13-year-old Briony Tallis self-importantly prepares for the debut performance of The Trials of Arabella, a short play she has written about a young woman who overcomes various trials to elope with a penniless doctor. Her older brother, Leon, will be visiting home soon, and she hopes to impress him with the performance. Briony’s young cousins are scheduled to visit soon as well, and they will be cast in the play.
By opening with Briony’s play, the novel emphasizes its own status as literature and draws attention to the process of writing in general. Further, note that the subject of the play resembles the subject of Atonement, in which Cecilia seeks to be with the lower-class doctor-in-training, Robbie.
Briony is described as an orderly, if a bit fastidious, girl with a gift for writing and a tendency to misuse lofty words. She is eager to impress her family with her work, and sees The Trials of Arabella as having a particular potential to end in public failure.
At this moment, Briony’s storytelling is utterly self-serving: she has few aims other than to impress her family, and seeks control to ward off failure.
Briony’s cousins, the Quinceys—15-year-old Lola, and her nine-year-old twin brothers, Jackson and Pierrot—will be staying with her family to escape a feud between their separating parents. When the Quincey children arrive, Briony does not consider their state of mind and begins to harangue them about rehearsing her play, but her older sister, Cecilia, and mother, Emily, try to make the other children feel at home.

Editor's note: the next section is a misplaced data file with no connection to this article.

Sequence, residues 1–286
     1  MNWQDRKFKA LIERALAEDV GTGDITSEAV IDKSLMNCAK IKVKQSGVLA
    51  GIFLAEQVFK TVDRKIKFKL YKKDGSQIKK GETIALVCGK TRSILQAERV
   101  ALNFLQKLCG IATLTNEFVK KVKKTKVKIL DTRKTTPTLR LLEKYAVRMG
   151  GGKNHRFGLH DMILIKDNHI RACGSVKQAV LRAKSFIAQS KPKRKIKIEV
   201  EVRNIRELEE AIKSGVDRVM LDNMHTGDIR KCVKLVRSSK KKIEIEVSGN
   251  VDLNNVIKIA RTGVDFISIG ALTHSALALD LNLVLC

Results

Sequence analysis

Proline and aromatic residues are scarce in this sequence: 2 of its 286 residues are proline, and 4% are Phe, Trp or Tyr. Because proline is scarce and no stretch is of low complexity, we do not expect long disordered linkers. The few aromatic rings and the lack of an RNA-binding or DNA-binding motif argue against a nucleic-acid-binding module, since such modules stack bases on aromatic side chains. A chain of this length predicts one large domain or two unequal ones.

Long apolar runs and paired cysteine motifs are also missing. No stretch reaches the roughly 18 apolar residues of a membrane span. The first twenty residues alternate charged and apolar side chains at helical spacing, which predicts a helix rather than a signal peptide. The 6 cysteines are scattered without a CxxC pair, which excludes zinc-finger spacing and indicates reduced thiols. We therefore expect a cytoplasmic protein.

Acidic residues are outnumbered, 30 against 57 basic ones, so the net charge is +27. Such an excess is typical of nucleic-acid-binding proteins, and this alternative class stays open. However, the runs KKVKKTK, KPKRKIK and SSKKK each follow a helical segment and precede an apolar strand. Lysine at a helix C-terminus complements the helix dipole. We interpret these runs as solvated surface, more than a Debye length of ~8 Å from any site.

Briony cannot understand the feelings of anyone but herself. Instead of empathetically working to ensure her cousins’ comfort who must be hurting from their parent’s impending and acrimonious divorce, she tries to rope them into the activity that is most important to her: filling out the cast of her play.
Briony returns to her room and wonders how she will cast her play. She rationalizes that Lola’s colorful, freckled complexion makes her ineligible to star as Arabella, and considers herself better suited to the role—after all, Arabella is really based on Briony, and resembles her completely. However, when Briony assembles the Quinceys to talk about casting, she is intimidated by Lola’s painted nails and perfume. Lola manipulates Briony into letting her play the role of Arabella, and Briony reluctantly assents. The group begins to rehearse, and as the disappointing reality of her play takes shape, Briony begins to “understand the chasm that lay between an idea and its execution.”
Briony’s vision of Arabella further reinforces that her writing exists only to gratify herself. Instead of using writing to explore new perspectives, Briony simply inserts herself into the center of her literary universe. However, the narrow-mindedness of this approach becomes obvious when other free-thinking humans enter the picture: outside of her literary world, Briony cannot control every detail of her circumstances. It’s worth noting here, as Briony ponders the difference between an idea and its execution, the difference between her story of a girl and a doctor – girl overcomes trials and ends up with her true love, and the much messier real world story of Atonement, in which the girl and the boy both die, and boy never even succeeds in becoming a doctor.